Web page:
In this age of 140-character soundbites and SEO-slanted headlines, every news event demands its own pithy portmanteau. A storm is never a storm — it’s a “Snowpocalypse” or “Snowmageddon.” A Jewish holiday that falls on Thanksgiving necessarily becomes “Thanksgivukkah.” Now the Internet must decide on a moniker for Chris Christie’s ongoing bridge scandal, because “Chris Christie’s ongoing bridge scandal” takes far too long to type.

That moniker, love it or hate it, is definitively Bridgegate. Bridgeghazi and Bridge-gate, hyphenated, please give up.

Observe the number of tweets with each name since Christie’s marathon press conference yesterday. The light blue line (and clear winner) is Bridgegate, with 9,987 tweets. Behind that, it’s the hyphenated Bridge-gate (1,609) and distant third Bridgeghazi (469).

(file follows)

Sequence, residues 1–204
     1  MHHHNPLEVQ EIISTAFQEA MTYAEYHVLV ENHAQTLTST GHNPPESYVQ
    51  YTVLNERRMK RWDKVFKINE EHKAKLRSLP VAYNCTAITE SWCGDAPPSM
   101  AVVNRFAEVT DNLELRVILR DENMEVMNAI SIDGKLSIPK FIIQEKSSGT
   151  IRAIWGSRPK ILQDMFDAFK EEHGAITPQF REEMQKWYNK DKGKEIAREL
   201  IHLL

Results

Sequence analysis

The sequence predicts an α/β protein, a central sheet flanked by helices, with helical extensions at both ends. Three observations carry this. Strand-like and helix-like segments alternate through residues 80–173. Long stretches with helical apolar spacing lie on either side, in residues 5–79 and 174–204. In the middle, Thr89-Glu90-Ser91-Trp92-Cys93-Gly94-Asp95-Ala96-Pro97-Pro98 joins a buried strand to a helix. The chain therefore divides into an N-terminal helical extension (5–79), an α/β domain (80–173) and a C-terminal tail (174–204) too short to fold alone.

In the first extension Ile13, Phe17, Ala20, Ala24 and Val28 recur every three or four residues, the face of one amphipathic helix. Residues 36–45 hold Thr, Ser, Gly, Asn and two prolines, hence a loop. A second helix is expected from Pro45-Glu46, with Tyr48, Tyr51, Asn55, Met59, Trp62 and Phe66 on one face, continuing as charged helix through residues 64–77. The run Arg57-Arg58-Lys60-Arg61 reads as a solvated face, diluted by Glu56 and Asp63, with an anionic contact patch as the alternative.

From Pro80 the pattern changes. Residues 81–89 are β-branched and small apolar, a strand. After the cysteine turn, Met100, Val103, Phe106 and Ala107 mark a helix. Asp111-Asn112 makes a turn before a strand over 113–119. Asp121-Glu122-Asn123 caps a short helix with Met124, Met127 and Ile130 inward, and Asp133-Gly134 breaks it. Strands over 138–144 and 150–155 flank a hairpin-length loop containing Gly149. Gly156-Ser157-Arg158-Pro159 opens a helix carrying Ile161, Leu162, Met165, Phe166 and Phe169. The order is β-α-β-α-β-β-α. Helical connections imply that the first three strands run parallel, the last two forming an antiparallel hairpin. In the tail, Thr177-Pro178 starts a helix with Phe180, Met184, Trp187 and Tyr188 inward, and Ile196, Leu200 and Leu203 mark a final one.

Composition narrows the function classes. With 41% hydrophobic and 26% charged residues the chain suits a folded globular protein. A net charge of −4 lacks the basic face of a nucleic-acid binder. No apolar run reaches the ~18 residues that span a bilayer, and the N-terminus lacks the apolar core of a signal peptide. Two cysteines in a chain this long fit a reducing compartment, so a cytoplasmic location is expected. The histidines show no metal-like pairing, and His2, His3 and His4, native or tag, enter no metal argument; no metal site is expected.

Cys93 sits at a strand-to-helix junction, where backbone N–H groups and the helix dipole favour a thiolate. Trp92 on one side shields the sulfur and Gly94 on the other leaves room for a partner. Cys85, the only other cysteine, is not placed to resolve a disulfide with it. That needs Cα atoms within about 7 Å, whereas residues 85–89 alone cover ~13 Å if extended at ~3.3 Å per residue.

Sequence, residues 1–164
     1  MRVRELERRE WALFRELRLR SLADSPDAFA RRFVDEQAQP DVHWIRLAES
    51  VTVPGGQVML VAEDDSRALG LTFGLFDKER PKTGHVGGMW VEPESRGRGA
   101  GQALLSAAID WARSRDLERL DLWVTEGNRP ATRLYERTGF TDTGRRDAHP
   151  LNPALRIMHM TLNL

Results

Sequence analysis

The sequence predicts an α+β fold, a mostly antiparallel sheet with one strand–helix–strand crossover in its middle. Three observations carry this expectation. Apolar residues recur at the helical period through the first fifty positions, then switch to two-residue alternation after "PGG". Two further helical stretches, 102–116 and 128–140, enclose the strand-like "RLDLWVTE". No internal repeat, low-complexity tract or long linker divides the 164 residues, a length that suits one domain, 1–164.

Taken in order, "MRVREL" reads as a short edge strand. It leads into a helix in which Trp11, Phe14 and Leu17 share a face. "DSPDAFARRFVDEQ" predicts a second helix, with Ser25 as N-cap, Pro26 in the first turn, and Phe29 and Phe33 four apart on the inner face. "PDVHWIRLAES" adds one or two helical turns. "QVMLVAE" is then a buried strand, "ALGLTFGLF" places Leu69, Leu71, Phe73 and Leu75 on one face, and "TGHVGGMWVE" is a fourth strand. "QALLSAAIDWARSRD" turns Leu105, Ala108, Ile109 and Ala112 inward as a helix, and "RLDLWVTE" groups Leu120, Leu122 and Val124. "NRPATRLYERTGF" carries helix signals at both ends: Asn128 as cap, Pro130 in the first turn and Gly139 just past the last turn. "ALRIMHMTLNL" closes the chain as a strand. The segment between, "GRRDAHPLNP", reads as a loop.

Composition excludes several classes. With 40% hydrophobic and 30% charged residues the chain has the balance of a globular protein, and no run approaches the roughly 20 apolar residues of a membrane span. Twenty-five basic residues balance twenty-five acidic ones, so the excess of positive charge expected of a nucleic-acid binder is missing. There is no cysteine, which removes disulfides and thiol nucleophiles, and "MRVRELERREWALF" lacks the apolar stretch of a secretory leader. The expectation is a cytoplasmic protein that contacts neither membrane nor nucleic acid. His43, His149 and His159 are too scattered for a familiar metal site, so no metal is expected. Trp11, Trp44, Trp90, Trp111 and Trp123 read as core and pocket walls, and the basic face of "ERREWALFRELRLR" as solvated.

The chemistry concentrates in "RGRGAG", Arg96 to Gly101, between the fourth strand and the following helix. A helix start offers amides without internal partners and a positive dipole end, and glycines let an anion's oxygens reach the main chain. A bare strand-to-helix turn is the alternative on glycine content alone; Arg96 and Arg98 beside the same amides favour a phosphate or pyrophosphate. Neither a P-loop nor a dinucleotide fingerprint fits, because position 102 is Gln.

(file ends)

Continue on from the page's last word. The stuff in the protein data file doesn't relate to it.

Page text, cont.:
There are many merits to calling the scandal Bridgeghazi, of course, most notably that it’s (1) monumentally more clever than the tired “-gate” suffix and (2) not also the name of a British security company, a defunct drug clinic, a California recruiting firm and a purported film production company with a very sketchy Web site. (“BridgeGate Executive Search would like to thank the office of NJ Governor #ChrisChristie and all media outlets for some of the best unintentional PR we could imagine,” one of the many preexisting BridgeGates wrote on Facebook yesterday.)

You’re welcome, BridgeGate Executive Search. The Internet has spoken, and headline-writers should heed it.